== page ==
The Crystal Spheres by David Brin

In this Hugo winning short story, David Brin looks back into our modern history to postulate a probable, though completely fictional explanation to Fermi Paradox. His interesting yet unclear universe includes Crystal Spheres – invisible envelopes, around every galaxy. Unlike the usual sci-fi route of metaphysical arguments, Brin’s Crystal Spheres are completely materialistic with seemingly protective intentions – like Kandor in Fortress of Solitude or dust cloud surrounding planet Krikkit in Hitchhikers.

Background of the story involves futuristic Earth with Interstellar travel and deep space dwellers,and Milky Way with ‘broken by accident’ Crystal Sphere. What troubles me is the entire breakage of so called gargantuan envelope in one single impact, whose physics and existence are completely unfathomable. God would have been like, ‘I need to shield every universe from each other, lets get the most brittle material for that’. Anyway, since then, humans were on an active SETI mission that ends in one solid clincher- unbreakable Crystal Spheres enveloping other universes. At the wake of the novella, a deep spacer is called for duty , on discovery of a broken Crystal Sphere, which could be humanity’s First Contact, and bright answer to many disappointing frustrated years.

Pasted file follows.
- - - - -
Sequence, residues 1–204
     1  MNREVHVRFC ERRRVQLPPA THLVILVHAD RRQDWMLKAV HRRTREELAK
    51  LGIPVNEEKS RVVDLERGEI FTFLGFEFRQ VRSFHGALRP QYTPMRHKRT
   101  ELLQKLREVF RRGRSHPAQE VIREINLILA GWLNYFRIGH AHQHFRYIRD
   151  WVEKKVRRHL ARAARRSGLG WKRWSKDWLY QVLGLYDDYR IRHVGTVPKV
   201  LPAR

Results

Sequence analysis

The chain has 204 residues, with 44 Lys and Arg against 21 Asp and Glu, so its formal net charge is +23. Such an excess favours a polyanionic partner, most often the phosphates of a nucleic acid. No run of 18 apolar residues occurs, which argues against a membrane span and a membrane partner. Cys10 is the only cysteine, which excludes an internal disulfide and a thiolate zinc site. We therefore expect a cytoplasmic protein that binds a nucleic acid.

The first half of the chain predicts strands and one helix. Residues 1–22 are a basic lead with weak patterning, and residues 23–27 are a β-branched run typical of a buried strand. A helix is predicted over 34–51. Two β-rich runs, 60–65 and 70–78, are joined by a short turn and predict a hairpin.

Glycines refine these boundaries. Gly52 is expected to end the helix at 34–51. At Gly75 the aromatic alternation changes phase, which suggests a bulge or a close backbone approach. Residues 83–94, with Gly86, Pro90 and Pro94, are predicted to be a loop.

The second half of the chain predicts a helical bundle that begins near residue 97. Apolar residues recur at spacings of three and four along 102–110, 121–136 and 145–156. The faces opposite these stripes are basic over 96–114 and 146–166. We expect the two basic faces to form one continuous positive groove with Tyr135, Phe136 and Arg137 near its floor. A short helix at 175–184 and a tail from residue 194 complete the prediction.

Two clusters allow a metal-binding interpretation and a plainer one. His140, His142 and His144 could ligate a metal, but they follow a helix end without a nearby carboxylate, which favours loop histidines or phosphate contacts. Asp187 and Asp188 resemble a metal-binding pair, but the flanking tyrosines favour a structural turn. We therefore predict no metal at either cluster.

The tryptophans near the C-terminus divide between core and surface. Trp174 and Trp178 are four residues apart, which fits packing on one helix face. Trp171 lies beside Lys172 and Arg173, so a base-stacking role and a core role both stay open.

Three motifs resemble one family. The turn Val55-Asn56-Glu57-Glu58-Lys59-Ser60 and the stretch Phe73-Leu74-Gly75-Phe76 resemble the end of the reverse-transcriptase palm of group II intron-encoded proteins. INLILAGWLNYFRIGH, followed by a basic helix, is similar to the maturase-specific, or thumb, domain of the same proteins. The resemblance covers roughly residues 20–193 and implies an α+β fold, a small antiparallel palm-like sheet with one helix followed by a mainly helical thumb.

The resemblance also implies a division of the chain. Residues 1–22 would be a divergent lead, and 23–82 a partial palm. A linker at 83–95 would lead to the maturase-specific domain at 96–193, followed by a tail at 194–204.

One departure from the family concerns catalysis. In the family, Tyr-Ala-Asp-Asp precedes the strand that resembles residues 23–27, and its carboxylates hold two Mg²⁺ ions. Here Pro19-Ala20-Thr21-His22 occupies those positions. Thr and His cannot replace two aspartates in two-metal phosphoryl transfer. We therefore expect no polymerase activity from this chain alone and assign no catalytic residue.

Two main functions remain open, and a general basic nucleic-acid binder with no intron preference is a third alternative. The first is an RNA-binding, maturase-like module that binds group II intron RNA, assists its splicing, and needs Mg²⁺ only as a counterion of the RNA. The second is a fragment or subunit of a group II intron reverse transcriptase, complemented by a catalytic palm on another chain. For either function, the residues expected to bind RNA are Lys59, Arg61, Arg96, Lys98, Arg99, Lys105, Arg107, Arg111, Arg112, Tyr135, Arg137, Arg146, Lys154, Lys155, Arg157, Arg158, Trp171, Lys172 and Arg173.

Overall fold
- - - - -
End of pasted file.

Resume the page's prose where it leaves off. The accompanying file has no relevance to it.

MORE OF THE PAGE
cnhBrins argument actually aligns with the progressive Segan thought (aliens exists) and the relatively hegemonic yet pessimistic Hart- Tipler (where are they if they do exist) thought. Though fascinating and full of imagination, story didn’t work well with my rigid mind.

  • Included in The River of Time, collection, 1994, Bantam Spectra.
  • A well read audio version is available under this link starshipsofa

spoilers: